Topic: Turbulence in Ukraine
- Warrant Issued for Deposed Ukraine Leader for Mass Murder
- EU Integration Now Ukraine’s Priority – Acting President
- Ukraine’s New Police Chief Frees Protesters Detained at Unrest
- Ukraine Says Economy in ‘Critical State,’ Russia Uncertain Over Aid
- Ukraine Parliament Names Speaker as Interim President
- Russia to Delay Ukraine Bailout Until New Cabinet Is Formed
SOCHI, February 24 (RIA Novosti) – Russian Prime Minister Dmitry Medvedev said Monday that “substantial doubts” existed over the legitimacy of the new acting government in Ukraine.
Medvedev attacked the swift recognition of the new authorities in Kiev by a number of Western governments, describing the regime as the unconstitutional outcome of an armed uprising.
“Strictly speaking, there is nobody to speak with over there. The legitimacy of a whole range of organs of power working there raises substantial doubts,” Medvedev said.
“Some of our foreign partners think otherwise. I don’t know what constitution they have read, but it is something of an aberration of consciousness when you describe as legitimate something that is the result of an armed uprising.”
Moscow has scrambled to formulate a clear diplomatic position on the ousting of Ukrainian President Viktor Yanukovych, who was notable for his pro-Russian positions, following days of deadly clashes between police and anti-government protestors in Kiev that left nearly 100 dead.
President Vladimir Putin has yet to make any public pronouncements on the change of government in Ukraine.
Medvedev said that Russia would adhere to all existing agreements with Ukraine, including those on energy.
“We do not co-operate with a specific set of people, or specific personalities, these are interstate relations. We are neighbors, we are nearby states and we cannot get away from one another,” he said.
Ukraine’s acting energy minister told Reuters news agency on Monday that he hoped the price it pays for Russian natural gas imports would remain unchanged despite the change of government.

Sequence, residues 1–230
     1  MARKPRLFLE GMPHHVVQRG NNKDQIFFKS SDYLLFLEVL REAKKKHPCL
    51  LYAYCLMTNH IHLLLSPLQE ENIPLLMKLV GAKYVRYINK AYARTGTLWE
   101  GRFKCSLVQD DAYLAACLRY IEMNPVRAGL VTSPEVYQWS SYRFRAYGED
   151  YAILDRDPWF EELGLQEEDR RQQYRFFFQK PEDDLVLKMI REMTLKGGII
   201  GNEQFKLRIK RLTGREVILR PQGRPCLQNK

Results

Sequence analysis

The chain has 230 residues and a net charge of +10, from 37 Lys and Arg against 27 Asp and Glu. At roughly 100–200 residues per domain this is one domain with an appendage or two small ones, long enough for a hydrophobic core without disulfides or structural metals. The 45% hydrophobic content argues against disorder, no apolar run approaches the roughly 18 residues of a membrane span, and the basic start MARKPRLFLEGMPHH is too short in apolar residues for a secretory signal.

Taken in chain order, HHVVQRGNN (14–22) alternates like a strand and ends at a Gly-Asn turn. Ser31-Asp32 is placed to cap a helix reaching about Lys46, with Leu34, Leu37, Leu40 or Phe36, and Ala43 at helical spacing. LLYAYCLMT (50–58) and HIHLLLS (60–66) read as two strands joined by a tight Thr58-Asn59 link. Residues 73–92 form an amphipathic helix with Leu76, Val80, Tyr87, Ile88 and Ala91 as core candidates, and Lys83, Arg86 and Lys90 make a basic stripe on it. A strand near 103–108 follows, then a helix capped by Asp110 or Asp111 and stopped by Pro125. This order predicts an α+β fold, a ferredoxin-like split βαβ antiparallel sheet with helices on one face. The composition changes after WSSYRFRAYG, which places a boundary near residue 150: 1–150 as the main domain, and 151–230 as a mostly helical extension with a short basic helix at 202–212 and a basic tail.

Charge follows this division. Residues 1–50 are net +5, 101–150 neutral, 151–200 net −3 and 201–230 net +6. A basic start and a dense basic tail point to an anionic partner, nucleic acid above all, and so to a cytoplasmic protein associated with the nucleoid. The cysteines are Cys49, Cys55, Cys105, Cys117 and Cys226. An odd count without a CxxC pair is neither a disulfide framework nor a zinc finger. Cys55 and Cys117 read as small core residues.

Russian state gas giant Gazprom agreed with Ukraine’s Naftogaz in December to slash the price that Ukraine had paid since 2009 by about one-third, from about $400 per 1,000 cubic meters to $268.50.
This followed Yanukovych’s rejection of an association agreement with the European Union in November in favor of closer ties with Moscow, the event that triggered the street protests in Kiev.
More than half of the 55 billion cubic meters of natural gas consumed by Ukraine each year comes from Russia, according to Reuters.
Deputies in Ukraine’s parliament have voted impeach Yanukovych, whose whereabouts are unknown. A new presidential election is scheduled for May 25.
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- Mikhail1228A neo-nazi coup!18:43, 24/02/2014This was an extremist neo-nazi coup. What more needs to be said!
- bielecIt's not over, yet20:18, 24/02/2014Please read this article by Paul Craig Roberts, former Assistant Secretary of the US Treasury for Economic Policy in the Reagan Administration:
"Is Ukraine Drifting Toward Civil War And Great Power Confrontation?" -
The British experience can be instructive for Russia. London retains its British Commonwealth if it wants to use this as a foundation for integration in the future. That’s a valuable lesson for Russian experts who are calling for an end to “ineffective” associations like the CIS, the Russian World and others.